Veterans are given honor for their service in many settings. One example I notice is when I am traveling by air. Veterans are thanked for their service and are allowed to board before other passengers. They are also honored on Veterans Day. They deserve it for their sacrifice to serve our country.

Many of them pay a great price and suffer with lingering physical and mental symptoms related to their service. Some of the symptoms that I am aware of that some veterans live with include Anxiety, PTSD, Chronic Pain, Headaches, Insomnia, Traumatic Brain Injury (TBI) and substance dependance/abuse.

These all happen to be symptoms that biofeedback or neurofeedback can be helpful with. Using this technology along with coaching, mindfulness, relaxation techniques and other therapies can help to reduce these symptoms. The Veterans Administration through their VA medical centers and various branches of the military have been using biofeedback and neurofeedback for decades. Much of this in the past, had been done by individual practitioners or small groups within these large organizations that had an interest in using these tools. More recently, the Veterans Administration has created a Whole Health initiative which makes biofeedback, neurofeedback, and other interventions like yoga, meditation, acupuncture an official part of treatment that is offered to the veterans they serve.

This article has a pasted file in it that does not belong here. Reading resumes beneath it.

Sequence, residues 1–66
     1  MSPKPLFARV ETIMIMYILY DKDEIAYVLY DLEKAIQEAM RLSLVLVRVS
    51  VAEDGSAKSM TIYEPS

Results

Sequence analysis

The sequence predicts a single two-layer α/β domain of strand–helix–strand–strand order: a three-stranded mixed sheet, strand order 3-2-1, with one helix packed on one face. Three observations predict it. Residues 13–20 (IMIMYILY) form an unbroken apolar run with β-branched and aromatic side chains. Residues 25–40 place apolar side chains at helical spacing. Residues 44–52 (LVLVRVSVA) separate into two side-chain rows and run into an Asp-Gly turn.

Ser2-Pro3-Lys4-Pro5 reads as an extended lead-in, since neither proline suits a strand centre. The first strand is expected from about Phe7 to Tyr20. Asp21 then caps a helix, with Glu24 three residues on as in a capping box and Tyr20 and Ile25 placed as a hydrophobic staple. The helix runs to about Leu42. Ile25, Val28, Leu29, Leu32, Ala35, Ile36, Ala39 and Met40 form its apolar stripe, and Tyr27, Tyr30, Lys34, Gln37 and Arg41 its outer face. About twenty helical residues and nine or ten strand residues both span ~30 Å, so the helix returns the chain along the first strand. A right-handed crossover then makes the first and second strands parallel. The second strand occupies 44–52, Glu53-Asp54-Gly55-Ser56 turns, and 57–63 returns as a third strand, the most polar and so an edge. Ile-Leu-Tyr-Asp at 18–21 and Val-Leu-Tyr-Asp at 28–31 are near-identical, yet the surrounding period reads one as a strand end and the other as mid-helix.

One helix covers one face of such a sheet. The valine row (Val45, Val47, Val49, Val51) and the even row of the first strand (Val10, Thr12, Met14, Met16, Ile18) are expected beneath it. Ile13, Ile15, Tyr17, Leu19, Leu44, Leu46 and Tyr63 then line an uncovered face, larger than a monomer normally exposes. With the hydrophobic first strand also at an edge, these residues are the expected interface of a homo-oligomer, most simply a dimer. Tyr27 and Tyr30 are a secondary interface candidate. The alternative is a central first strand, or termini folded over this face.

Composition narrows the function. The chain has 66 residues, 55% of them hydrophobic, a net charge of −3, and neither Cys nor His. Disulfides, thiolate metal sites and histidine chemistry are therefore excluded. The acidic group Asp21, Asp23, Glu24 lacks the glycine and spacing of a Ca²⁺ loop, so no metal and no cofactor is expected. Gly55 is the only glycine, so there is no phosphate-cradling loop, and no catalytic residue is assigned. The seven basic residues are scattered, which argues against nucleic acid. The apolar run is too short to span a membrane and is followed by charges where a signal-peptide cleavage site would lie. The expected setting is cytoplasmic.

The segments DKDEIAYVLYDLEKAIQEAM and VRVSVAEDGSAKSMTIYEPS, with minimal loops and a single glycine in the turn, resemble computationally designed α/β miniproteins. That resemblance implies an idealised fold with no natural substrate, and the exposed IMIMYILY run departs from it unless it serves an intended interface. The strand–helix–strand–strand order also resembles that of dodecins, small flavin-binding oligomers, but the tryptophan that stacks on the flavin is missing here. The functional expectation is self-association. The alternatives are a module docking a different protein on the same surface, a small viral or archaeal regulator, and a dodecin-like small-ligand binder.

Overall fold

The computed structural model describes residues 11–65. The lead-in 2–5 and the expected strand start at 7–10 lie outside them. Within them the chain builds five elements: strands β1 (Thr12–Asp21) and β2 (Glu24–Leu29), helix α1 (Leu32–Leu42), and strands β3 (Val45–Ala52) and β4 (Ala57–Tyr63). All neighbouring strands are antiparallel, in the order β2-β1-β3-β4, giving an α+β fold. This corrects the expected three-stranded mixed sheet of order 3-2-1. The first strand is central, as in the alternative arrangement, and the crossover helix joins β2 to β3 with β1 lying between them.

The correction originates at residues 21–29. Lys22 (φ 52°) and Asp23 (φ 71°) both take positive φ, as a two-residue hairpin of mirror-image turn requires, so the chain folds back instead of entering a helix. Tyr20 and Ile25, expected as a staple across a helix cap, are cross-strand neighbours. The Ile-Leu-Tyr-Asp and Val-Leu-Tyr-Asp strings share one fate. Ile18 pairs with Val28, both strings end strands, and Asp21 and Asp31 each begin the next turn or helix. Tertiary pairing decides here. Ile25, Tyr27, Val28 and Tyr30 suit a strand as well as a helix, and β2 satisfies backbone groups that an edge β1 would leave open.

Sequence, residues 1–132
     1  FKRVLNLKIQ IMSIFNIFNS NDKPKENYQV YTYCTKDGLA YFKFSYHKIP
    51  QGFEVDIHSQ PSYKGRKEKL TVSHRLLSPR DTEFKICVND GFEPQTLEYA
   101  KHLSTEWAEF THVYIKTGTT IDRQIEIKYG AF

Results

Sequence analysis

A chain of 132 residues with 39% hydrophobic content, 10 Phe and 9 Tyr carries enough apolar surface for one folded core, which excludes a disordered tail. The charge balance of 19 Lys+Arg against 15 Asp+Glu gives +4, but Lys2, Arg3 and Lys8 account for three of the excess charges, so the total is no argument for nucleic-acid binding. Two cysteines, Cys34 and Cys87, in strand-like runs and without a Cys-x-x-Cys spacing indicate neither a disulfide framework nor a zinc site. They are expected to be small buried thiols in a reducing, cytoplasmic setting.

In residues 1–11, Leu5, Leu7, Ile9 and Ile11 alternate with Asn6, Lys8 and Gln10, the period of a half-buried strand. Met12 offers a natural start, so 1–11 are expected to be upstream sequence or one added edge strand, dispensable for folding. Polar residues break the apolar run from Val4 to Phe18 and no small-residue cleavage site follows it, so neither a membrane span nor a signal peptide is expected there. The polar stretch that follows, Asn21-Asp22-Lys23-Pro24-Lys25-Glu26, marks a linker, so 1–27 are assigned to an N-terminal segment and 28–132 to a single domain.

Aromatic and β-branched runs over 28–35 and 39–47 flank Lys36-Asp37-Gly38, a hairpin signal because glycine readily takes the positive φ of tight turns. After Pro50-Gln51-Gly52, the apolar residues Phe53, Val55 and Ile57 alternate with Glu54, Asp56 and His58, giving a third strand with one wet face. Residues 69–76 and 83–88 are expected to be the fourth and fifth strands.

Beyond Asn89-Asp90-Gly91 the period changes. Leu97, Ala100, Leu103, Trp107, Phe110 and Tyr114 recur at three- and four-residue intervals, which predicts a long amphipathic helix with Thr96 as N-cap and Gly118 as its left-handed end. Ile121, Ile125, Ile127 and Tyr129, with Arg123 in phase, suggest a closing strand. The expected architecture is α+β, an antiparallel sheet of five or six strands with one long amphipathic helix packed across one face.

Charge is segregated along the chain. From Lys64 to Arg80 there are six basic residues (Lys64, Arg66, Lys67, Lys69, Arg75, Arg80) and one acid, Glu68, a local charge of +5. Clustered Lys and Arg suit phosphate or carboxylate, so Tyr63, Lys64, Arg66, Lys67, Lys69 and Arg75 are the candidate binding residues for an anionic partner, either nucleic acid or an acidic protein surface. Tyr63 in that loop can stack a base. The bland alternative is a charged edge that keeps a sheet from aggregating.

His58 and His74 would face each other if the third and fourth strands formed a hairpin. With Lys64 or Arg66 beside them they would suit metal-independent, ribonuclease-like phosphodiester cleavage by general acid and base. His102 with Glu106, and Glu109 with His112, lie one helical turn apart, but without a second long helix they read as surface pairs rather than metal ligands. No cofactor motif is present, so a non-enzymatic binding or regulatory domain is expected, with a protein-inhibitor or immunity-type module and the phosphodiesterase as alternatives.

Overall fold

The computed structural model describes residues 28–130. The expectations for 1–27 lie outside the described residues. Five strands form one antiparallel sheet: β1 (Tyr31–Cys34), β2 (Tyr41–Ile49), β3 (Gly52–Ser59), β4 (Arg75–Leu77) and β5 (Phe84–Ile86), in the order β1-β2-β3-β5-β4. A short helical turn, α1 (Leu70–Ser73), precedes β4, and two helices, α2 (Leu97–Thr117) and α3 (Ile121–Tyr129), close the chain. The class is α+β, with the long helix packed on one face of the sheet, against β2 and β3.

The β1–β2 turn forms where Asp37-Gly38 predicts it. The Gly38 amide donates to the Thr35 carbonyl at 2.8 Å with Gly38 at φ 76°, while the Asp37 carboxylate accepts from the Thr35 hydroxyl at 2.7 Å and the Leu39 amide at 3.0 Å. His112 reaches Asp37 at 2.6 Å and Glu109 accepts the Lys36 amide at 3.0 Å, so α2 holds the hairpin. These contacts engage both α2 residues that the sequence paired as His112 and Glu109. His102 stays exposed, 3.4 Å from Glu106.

Since then, I have seen more of an effort to prepare more providers within the VA system to be able to provide these services. It has become fairly common for biofeedback to be offered for headaches, pain, anxiety, insomnia, and PTSD. I am starting to see more of an interest in neurofeedback for insomnia, PTSD, pain, substance abuse, and TBI. Neurofeedback requires additional training and equipment, especially to be able to provide brain mapping assessments to aid in treatment planning.

Most traditional training programs required students to be sent to a site, usually out of town, to be trained over a period of several days. That wasn’t much of a problem when it was only one or two people to send. Now that facilities are training groups of four to as many as 20, it becomes much more of a challenge. New options are available now to help with this issue. Students can attend online training. This reduces the cost and hassle of travel for multiple students as well as having many staff members out of town at the same time. For groups that prefer in-person training like I do, there is onsite training where the instructor comes to the facility and trains the group at their place. This can be very efficient and it allows for the positive experience of training in person including equipment labs.

I expect that many more veterans and military service people will be getting to take advantage of these effective therapies as more providers get trained and equipped to provide these services.

Harry L. Campbell

914-762-4646 –

Author of What Stress Can Do, Available on, Youtube

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Biofeedback/Neurofeedback Training and Seminars are designed to teach clinicians biofeedback fundamentals and cutting-edge applications.